It was useless. He was trapped in a raging vortex. The plane was completely out of control. He slammed down the radio button.

"This is One Lima Foxtrot. I have an emergency." "One Lima Foxtrot, what is the nature of your emergency?" Gary Reynolds was shouting into the microphone. "I'm caught in a wind shear!

Extreme turbulence!

I'm in the middle of a goddamn hurricane!" "One Lima Foxtrot, you are only four and a half minutes from the Denver airport and there is no sign of air turbulence on our screens." "I don't give a damn what's on your screens! I'm telling you-" The pitch of his voice suddenly rose. "Mayday! May-" In the control tower, they watched in shock as the blip on the radar screen disappeared.

Manhattan, New York AT DAWN, AT an area under the Manhattan Bridge along the East River not far from pier seventeen, half a dozen uniformed police officers and plainclothes detectives were gathered around a fully dressed corpse lying at the river's edge. The body had been carelessly tossed down, so its head was eerily bobbing up and down in the water, following the vagaries of the tide.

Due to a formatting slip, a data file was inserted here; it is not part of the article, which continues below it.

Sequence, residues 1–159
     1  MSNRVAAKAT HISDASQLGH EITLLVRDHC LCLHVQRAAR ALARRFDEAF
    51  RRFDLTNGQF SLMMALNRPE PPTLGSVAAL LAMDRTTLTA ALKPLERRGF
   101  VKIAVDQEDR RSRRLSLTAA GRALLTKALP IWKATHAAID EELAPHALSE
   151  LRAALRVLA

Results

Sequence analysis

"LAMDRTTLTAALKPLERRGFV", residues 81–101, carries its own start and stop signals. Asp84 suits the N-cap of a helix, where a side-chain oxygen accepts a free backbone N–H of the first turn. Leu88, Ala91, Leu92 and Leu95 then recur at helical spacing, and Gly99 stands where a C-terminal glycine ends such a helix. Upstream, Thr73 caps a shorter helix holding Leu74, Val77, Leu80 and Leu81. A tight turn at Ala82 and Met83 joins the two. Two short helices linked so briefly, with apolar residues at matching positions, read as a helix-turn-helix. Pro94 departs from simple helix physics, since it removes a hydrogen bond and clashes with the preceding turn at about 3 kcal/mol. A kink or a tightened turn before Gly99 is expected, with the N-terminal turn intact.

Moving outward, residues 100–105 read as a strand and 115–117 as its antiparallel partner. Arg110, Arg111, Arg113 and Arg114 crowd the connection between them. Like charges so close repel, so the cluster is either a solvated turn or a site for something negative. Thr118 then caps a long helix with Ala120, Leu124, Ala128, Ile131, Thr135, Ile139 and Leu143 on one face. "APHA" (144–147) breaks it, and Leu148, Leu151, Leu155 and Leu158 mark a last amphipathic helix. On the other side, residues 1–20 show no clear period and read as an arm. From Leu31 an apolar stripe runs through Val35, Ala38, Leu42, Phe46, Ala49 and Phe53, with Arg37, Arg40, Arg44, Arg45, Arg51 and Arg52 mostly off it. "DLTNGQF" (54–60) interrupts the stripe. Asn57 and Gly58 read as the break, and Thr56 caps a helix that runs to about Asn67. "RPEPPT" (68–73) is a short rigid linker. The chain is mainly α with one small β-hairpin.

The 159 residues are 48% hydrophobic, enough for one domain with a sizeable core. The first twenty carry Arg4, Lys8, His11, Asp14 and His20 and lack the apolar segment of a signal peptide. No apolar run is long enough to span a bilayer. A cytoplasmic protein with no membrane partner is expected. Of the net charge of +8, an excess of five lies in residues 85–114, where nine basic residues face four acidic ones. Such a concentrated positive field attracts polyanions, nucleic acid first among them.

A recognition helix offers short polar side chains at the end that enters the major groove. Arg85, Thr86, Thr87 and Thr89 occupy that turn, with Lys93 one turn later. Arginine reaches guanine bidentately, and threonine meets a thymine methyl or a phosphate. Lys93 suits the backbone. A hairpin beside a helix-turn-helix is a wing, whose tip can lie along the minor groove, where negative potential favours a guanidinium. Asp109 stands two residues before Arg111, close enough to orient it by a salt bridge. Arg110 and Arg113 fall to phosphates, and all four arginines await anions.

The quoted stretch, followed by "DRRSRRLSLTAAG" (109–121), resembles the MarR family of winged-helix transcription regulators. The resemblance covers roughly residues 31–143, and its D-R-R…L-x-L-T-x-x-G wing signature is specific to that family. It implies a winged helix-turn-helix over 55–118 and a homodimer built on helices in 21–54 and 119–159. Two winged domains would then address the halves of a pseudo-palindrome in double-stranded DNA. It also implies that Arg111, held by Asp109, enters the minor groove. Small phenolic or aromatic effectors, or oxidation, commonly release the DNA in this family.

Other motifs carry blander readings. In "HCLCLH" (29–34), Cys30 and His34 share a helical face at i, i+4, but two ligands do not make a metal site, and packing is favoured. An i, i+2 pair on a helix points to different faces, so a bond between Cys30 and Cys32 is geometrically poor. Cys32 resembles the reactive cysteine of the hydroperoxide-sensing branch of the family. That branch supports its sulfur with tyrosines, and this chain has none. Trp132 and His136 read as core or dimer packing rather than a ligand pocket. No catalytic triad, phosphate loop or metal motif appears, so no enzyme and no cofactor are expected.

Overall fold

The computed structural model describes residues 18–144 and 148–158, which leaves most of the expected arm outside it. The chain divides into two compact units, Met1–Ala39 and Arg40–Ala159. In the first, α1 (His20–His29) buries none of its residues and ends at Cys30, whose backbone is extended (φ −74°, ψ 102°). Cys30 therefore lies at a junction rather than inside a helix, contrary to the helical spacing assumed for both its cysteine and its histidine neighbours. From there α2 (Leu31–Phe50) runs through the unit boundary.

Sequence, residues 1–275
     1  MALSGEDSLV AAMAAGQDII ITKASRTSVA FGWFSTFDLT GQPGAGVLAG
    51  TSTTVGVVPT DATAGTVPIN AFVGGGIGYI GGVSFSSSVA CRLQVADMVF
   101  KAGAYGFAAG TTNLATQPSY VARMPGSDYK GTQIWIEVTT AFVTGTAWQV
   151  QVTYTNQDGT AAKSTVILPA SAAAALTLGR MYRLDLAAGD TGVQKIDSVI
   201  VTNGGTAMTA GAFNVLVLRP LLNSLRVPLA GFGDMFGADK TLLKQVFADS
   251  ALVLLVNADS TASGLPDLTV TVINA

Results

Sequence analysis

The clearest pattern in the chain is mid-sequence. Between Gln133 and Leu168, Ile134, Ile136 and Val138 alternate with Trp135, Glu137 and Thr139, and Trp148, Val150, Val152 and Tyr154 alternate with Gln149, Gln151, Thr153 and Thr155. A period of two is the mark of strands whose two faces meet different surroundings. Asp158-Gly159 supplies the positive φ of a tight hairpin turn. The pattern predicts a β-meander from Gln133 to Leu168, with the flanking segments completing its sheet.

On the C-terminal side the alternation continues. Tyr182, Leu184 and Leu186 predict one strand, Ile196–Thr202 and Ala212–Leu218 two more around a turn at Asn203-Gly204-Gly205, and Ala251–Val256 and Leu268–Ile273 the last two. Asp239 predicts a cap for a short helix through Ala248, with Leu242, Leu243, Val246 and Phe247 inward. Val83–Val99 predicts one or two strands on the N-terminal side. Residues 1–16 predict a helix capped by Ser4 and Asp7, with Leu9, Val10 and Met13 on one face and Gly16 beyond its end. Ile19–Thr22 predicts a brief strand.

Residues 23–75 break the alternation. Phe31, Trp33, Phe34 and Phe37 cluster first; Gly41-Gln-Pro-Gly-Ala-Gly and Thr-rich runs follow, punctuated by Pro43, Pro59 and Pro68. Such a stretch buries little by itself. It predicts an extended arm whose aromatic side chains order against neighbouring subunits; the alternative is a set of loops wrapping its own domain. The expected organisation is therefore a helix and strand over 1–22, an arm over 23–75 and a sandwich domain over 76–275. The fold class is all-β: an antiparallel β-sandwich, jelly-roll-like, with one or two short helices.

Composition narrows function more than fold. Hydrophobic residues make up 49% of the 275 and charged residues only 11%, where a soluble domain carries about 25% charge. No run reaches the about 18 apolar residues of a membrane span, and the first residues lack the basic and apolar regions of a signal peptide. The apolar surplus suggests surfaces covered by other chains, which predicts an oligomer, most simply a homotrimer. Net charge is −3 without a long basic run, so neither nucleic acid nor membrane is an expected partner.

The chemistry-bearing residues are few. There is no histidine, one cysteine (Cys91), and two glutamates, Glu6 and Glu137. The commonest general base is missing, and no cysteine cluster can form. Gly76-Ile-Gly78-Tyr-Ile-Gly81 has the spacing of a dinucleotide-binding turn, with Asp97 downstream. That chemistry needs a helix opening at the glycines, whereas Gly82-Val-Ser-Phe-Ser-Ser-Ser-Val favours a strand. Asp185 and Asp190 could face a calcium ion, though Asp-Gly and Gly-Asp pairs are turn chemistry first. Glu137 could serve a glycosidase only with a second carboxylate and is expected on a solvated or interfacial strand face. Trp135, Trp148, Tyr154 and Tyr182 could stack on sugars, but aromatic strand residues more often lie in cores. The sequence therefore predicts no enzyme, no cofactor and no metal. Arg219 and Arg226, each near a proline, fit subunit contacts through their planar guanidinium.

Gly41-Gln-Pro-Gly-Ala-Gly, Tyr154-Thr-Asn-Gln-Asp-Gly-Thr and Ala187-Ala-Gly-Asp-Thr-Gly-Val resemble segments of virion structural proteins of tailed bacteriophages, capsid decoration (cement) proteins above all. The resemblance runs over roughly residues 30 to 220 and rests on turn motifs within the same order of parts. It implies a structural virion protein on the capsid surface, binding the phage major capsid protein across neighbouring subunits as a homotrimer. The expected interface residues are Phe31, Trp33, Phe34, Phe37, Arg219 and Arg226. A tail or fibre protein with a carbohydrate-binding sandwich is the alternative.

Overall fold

The man in charge, Detective Earl Greenburg, from the Manhattan South Homicide Squad, had finished the official prescribed procedures. No one was allowed to approach the body until photographs had been taken, and he made notes of the scene while the officers looked for any evidence that might be lying around. The victim's hands had been wrapped in clean plastic bags.

Carl Ward, the medical examiner, finished his examination, stood up, and brushed the dirt from his trousers. He looked at the two detectives in charge. Detective Earl Greenburg was a professional, capable-looking man with an impressive record. Detective Robert Praegitzer was gray-haired, with the laid-back manner of someone who had seen it all before.

Ward turned to Greenburg. "He's all yours, Earl." "What have we got?" "The obvious cause of death is a slashed throat, right through the carotid artery. He has two busted kneecaps, and it feels like a few ribs are broken.

Someone worked him over pretty good."